Give ’em the Pickle
One of the hot business books, although it’s been around a while so it’s not exactly new, is Bob Ferrell’s Give ’em the Pickle. Ferrel owned a chain of restaurants. His aha moment came when he received a complaint letter from a former, long-time customer describing his (the customer’s) pique with Ferrell’s restaurant. It seems that for several years the customer had been accustomed to getting an extra slice of pickle with his burger, but one day, when he asked a new waitress for his extra pickle, she told him that she would have to charge him. He was irate and wrote Ferrell an angry letter, vowing never to return.
Ferrel got the message. He realized that he hadn’t shared his philosophy of customer service with the folks working for him, so he used the pickle episode to develop a training program for his employees. The concept is the epitome of simplicity. A pickle, according to Ferrell, is something you do to make someone happy. He empowers employees to “give ’em the pickle”; that is, find something extra they can do to make customers happy.
I know, I know. You’re thinking it’s another Fish Tales, One-Minute Manager, or Who Moved My Cheese cutesy kind of management book. It’s another management fad, like TQM or MBO. Maybe not.
In Ferrell’s words: “When something happens with a customer and you’re not sure what to do, ‘Give ’em the Pickle.’ Do what it takes to make things right.” That’s way more than a management fad. It’s a business philosophy.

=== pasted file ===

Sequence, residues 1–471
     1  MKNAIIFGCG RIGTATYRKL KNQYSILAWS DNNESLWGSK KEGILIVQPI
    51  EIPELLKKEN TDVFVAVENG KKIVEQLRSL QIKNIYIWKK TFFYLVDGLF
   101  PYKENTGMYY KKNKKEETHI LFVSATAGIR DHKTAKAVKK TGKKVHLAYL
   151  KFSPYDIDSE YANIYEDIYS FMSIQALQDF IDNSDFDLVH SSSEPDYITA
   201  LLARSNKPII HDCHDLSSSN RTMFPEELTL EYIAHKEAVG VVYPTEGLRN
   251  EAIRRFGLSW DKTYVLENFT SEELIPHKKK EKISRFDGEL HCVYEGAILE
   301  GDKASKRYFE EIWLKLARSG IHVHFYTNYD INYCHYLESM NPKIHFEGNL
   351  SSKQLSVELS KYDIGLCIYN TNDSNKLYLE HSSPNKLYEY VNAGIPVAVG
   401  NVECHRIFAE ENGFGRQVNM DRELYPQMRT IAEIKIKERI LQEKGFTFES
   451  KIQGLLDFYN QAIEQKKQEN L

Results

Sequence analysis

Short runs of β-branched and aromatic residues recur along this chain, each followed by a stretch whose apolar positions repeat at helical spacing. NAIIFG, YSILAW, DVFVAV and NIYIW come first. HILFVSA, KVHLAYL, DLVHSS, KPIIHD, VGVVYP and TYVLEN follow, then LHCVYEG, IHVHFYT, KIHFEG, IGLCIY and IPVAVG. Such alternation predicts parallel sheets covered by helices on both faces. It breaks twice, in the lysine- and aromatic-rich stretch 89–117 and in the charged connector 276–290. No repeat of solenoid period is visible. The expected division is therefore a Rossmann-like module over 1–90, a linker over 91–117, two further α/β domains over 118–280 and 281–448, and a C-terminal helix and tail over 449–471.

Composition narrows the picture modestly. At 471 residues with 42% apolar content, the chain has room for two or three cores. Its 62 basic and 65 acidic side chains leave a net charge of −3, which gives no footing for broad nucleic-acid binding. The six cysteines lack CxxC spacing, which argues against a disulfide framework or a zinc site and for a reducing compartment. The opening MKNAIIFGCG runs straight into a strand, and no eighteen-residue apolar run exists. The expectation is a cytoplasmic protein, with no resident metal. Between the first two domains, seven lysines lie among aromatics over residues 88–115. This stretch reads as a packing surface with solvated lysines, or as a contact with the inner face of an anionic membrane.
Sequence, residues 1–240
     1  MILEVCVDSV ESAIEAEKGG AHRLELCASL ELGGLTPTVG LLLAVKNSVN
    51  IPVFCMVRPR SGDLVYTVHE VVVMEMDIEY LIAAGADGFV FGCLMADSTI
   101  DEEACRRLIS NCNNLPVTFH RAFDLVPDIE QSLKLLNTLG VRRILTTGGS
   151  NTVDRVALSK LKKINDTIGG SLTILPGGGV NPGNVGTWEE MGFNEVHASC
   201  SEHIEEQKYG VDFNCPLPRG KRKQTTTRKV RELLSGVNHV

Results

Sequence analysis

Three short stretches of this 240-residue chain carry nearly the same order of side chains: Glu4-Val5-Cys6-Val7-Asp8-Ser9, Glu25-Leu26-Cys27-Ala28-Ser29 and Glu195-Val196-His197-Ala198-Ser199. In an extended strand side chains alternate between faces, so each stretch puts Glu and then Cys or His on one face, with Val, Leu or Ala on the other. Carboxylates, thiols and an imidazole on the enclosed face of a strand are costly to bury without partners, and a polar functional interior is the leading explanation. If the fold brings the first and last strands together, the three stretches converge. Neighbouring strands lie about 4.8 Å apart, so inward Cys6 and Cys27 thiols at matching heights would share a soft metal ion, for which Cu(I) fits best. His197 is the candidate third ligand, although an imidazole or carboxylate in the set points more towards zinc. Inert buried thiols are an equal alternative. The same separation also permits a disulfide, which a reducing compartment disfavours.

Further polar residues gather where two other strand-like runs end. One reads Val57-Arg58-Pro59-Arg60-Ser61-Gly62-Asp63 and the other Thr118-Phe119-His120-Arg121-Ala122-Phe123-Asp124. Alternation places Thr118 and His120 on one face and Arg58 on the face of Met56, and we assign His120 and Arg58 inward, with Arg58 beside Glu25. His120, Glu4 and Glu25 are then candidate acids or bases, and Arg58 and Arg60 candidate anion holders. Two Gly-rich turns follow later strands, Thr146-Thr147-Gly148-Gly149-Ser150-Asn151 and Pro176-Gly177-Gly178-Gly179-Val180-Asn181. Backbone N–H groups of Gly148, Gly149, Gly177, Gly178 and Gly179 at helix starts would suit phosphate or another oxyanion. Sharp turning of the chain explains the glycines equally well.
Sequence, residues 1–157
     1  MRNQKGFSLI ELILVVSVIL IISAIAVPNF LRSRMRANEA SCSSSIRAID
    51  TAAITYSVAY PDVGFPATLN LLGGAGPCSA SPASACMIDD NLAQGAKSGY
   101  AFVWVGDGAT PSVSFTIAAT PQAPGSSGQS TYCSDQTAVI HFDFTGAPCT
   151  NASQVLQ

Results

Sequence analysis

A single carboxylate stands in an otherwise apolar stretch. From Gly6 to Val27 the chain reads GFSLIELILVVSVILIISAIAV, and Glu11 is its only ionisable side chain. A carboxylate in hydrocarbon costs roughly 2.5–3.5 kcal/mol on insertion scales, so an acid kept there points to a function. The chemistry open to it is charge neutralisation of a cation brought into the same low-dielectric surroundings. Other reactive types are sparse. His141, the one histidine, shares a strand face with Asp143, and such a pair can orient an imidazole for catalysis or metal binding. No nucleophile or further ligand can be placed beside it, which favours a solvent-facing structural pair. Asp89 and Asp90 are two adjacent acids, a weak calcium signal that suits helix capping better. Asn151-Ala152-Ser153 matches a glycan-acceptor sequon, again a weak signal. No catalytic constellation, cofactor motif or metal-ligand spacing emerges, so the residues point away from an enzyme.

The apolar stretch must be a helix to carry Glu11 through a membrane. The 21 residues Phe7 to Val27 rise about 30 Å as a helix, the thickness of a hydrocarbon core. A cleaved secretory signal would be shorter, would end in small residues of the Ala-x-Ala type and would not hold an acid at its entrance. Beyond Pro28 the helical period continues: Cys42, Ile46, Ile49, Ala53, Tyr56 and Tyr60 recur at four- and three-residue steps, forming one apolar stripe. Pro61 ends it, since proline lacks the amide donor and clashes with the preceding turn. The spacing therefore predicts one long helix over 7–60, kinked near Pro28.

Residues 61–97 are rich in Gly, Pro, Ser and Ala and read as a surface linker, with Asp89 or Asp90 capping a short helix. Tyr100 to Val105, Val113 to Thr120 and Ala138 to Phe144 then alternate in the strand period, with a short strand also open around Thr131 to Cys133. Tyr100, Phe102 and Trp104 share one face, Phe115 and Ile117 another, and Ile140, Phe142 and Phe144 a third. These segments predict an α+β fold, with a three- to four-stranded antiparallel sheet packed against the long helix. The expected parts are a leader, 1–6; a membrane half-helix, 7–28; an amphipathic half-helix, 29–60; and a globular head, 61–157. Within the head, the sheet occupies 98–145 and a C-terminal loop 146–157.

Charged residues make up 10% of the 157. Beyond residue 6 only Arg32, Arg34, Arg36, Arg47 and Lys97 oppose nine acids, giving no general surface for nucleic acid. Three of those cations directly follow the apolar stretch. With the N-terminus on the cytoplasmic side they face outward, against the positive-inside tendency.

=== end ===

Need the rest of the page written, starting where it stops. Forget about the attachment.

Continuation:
Where do you stand, and what does this have to do with in-plants, anyway? Do you treat problems as ways to help your customers, or do you have a bunch of ungrateful, whining customers with unreasonable demands? Did you go out of your way to help a customer once, and now they EXPECT that same level of service every time? Do you look at rush jobs as an opportunity for you to show your real value to the company, or do you view them as an indication of your customer’s failure to plan (and therefore not your problem)?
Ray Chambers, CGCM, MBA, has invested over 30 years managing and directing printing plants, copy centers, mail centers and award-winning document management facilities in higher education and government.
Most recently, Chambers served as vice president and chief information officer at Juniata College. Chambers is currently a doctoral candidate studying Higher Education Administration at the Pennsylvania State University (PSU). His research interests include outsourcing in higher education and its impact on support services in higher education and managing support services. He also consults (Chambers Management Group) with leaders in both the public and private sectors to help them understand and improve in-plant printing and document services operations.